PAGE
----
Byline: David B. Rivkin Jr. & Lee A. Casey, SPECIAL TO THE WASHINGTON TIMES
In recently striking down military commissions, the Supreme Court has given Congress a golden opportunity to resolve once and for all how enemies captured in the war on terror should be processed. Despite the various claims made about the breadth of the Hamdan v. Rumsfeld decision, the court ruled narrowly that the current military commissions failed to comply with a statutory requirement mandating absent a showing of impracticability that their rules and procedures must be the same as those in regular courts martial. In fact, there are compelling practical and principled reasons for not running the courts martial and military commissions in the same manner, and Congress should amend the law accordingly.
Courts martial are bodies before which American service members, and other "lawful combatants" entitled to prisoner of war status under the Geneva Conventions, are tried for transgressions against the laws of war and military regulations. Lawful combatants, even those accused of the most serious misconduct on an individual basis, comply with the basic requirements of the laws of war as a whole. Most importantly, they distinguish themselves from the civilian population by wearing uniforms and carrying their arms openly. They do not target civilians for attack, and, indeed, conduct their operations in ways designed to minimize injury to civilians and civilian property. These measures put lawful combatants at greater risk of injury or death, and make accomplishing their missions more difficult. However, compliance with these basic rules also alleviates much wartime suffering; these rules were developed over centuries with that fundamental goal in mind.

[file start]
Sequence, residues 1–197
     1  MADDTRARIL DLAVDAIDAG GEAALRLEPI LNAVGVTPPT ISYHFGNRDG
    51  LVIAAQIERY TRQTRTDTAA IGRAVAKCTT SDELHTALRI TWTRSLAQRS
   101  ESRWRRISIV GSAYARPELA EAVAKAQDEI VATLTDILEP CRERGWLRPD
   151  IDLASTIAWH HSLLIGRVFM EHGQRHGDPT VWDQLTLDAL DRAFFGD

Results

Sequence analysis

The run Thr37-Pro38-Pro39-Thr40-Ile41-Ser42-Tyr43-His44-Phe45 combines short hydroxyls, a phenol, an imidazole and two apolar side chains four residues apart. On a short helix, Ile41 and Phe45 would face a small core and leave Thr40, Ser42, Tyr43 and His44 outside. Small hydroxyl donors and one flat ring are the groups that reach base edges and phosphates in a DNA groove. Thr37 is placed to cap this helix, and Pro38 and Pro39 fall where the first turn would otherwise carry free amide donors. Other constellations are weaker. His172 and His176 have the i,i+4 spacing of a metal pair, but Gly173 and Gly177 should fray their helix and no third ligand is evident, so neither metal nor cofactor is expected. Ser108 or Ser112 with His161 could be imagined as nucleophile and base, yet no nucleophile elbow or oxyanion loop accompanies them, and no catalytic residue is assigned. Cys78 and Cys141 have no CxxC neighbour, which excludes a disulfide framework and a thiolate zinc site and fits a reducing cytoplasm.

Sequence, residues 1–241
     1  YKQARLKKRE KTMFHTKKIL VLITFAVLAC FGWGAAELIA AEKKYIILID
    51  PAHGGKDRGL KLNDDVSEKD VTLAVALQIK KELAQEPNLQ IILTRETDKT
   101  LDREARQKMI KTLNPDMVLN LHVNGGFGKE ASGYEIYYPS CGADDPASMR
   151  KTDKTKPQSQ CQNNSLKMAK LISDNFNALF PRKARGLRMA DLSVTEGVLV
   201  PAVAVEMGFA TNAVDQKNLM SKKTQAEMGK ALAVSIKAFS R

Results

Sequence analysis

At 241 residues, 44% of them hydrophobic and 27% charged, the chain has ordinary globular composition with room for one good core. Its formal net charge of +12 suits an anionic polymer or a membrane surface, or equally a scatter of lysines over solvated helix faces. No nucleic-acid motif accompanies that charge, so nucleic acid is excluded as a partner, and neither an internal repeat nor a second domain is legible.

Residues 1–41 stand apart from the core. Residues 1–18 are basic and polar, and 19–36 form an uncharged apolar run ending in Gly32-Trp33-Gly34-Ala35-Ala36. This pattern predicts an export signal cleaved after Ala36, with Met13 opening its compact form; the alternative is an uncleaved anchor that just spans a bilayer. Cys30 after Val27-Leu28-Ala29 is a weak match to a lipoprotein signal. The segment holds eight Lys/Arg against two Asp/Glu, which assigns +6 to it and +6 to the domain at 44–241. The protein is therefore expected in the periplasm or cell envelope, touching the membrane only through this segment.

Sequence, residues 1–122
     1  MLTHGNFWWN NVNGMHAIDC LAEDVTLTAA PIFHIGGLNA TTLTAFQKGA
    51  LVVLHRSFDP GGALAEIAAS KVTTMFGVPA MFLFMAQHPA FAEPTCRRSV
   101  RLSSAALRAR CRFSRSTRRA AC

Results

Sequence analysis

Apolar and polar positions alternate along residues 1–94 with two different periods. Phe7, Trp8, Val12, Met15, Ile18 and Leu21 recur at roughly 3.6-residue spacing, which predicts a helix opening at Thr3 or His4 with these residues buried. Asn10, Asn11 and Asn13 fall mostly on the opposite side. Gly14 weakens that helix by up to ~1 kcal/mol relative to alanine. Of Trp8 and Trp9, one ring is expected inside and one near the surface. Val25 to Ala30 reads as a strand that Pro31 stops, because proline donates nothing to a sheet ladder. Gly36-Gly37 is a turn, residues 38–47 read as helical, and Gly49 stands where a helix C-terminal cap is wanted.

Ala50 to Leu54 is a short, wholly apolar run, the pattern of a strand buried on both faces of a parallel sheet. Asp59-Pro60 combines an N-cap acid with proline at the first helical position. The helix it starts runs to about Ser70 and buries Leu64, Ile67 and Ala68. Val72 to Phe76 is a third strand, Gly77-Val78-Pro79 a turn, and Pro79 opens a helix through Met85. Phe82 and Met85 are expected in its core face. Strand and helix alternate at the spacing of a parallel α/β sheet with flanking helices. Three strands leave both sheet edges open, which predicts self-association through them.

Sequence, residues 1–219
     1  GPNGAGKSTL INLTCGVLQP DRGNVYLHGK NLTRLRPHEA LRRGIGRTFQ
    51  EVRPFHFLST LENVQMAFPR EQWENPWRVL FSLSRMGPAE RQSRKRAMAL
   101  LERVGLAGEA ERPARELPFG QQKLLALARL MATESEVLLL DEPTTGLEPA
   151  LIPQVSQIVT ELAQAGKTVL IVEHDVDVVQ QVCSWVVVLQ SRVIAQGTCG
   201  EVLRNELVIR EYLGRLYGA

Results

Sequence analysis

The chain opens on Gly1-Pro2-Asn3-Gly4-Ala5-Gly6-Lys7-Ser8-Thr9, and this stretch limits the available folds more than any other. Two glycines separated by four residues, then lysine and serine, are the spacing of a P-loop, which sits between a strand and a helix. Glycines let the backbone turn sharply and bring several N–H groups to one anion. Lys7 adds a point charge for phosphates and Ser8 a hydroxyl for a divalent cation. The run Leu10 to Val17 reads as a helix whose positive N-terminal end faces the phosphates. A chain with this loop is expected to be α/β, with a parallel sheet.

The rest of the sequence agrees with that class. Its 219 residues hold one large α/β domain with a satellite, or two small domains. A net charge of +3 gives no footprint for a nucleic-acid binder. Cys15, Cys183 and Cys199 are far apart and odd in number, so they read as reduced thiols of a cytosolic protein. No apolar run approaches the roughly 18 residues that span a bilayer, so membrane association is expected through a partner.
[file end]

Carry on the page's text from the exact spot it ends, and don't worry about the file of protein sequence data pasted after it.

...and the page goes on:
By contrast, unlawful combatants, like members of al Qaeda and the Taliban, do not distinguish themselves from surrounding civilians. Indeed, they purposefully use the civilian population as cover for their operations and when it suits their purposes deliberately target civilians for attack. Unlawful combatants throughout the ages have been considered the enemies of humanity. Such is the danger posed by unlawful combatants to civil society, and so compelling is the need to deter this behavior, that simply taking up arms with an entity like al Qaeda regardless of an individual's actual contribution to the group's efforts has traditionally been considered a grave offense.
Accordingly, unlawful combatants have not earned treatment identical or substantially similar to that accorded to lawful combatants, and it should not be given to them gratis. To do so would only allow al Qaeda to benefit from its own illegal conduct, and it would also serve to legitimize its despicable methods of "asymmetric" warfare. Congress can and should make this clear by itself establishing military commissions to try captured unlawful combatants, and by specifying that …